A spike in opioid overdoses in Minnesota has been called a medical epidemic, but a new surge in deaths related to counterfeit fentanyl has officials using another description.

Homicide.

Opioid-related deaths in Minnesota are increasingly being linked to street drugs that dealers secretly lace or substitute with fentanyl, a synthetic opioid more potent than heroin or common painkillers. Of the 401 opioid-related overdose deaths recorded in Minnesota last year, 43 percent were linked to fentanyl or other synthetics, according to preliminary figures released Monday by the Minnesota Department of Health. Five years ago, the number was 11 percent.

“The opioid epidemic … has also become a fentanyl public health crisis,” said state Health Commissioner Jan Malcolm. “These data confirm that Minnesotans addicted to opioids may unknowingly be exposing themselves to far greater and more deadly risks than they know.”

To address the challenge, state officials said they need to treat these deaths like homicides and trace lethal, counterfeit drugs to their sources.

“We’re working them backward to determine who is dealing these illicit substances,” said Drew Evans, superintendent of the Minnesota Bureau of Criminal Apprehension.

Overdose deaths related to fentanyl and other synthetic opioids rose 74 percent from 2016 to 2017, according to the Health Department report released Monday. That was enough to increase the overall number of drug overdose deaths in the state from 675 in 2016 to 694 in 2017 — even though deaths from common prescription opioid painkillers have remained constant in recent years.

An investigation into the 2016 death of pop star Prince concluded last month that he overdosed on counterfeit pills that were made to look like common painkillers but actually contained fentanyl.

Monday’s preliminary report didn’t determine how many deaths were caused by legally prescribed forms of fentanyl, such as patches and tablets, and how many stemmed from illicit versions. A final report on the deaths is expected in September.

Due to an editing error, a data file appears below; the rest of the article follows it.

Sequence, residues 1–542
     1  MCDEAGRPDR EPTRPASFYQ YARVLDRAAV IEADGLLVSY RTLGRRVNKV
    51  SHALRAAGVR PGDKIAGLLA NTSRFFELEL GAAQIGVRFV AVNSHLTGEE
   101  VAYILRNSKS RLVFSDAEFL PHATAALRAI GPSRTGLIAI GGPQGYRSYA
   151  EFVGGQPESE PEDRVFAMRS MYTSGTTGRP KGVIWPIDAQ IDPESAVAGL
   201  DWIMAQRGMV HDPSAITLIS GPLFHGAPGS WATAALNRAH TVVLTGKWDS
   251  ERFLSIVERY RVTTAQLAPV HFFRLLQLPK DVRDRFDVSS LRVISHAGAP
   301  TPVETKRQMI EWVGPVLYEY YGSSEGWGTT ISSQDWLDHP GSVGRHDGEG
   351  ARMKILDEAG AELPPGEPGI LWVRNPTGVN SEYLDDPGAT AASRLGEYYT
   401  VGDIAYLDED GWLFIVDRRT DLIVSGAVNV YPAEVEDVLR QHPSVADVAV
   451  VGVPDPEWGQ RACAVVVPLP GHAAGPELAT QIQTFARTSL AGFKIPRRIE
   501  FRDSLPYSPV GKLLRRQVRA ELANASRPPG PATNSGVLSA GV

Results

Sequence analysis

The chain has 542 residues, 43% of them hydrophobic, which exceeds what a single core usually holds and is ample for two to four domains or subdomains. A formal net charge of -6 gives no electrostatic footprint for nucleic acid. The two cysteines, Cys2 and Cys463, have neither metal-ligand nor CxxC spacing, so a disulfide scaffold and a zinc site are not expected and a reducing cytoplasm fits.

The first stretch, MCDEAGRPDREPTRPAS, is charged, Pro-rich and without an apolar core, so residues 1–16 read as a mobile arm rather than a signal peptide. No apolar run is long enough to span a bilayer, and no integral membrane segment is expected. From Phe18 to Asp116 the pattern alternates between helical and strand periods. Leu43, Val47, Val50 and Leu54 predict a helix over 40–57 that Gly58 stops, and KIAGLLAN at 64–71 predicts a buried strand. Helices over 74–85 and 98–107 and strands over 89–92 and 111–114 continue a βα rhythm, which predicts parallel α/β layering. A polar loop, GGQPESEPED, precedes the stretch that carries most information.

Evans said the trend in overdose deaths matches the rising number of drug samples examined in the state crime lab that contain fentanyl. Drug dealers often substitute fentanyl in their product because it is strong, but cheaper than heroin and other substances. Fentanyl has even been found, paradoxically, in methamphetamine.

While law enforcement agencies in Minnesota have long had the authority to pursue third-degree homicide charges against people who distribute drugs that cause fatal overdoses, Evans said it is receiving a “renewed focus.”

‘Deterrent effect’

On Friday, authorities in Nicollet County charged a 38-year-old Mankato man with homicide and accused him of selling a drug containing fentanyl to a North Mankato woman who died in April from an overdose.

“The goal is to have that deterrent effect,” Evans said, “and to make sure drug dealers know that not only do you need to be looking over your shoulder when you’re dealing, but if you cause someone’s death, we’re going to work hard to hold you responsible.”

Apart from fentanyl, the number of overdose deaths involving other opioids in Minnesota is leveling off or even falling, according to Monday’s report.

The share of opioid overdose deaths related to prescription painkillers such as oxycodone and hydrocodone is declining. New prescribing guidelines and monitoring programs to identify doctors who prescribe excessively, as well as patients who seek opioids from multiple clinics, have reduced painkiller usage.

Minnesota now has the fourth-lowest rate of opioid painkiller prescriptions written in the U.S., said Dr. Rahul Koranne, chief medical officer of the Minnesota Hospital Association. Despite the progress, Koranne said doctors need to remain conservative in pain management, because opioid painkillers remain gateways to addiction and heroin and fentanyl use.

“Even one prescription of opioids in the right person,” he said, “can lead to addiction and, potentially, to death.”

Deaths involving heroin declined 29 percent from 2016 to 2017, the Health Department data show. That was the first substantial decline in more than a decade, though it may partly reflect renewed interest in other street drugs such as meth and cocaine. Deaths involving those drugs increased in 2017.

Crime labs and medical examiners also might be getting better at distinguishing deaths caused by heroin from those caused by fentanyl. That could be influencing both trends a bit, said Nate Wright, a Health Department epidemiologist, but there is little question that fentanyl deaths are actually on the rise.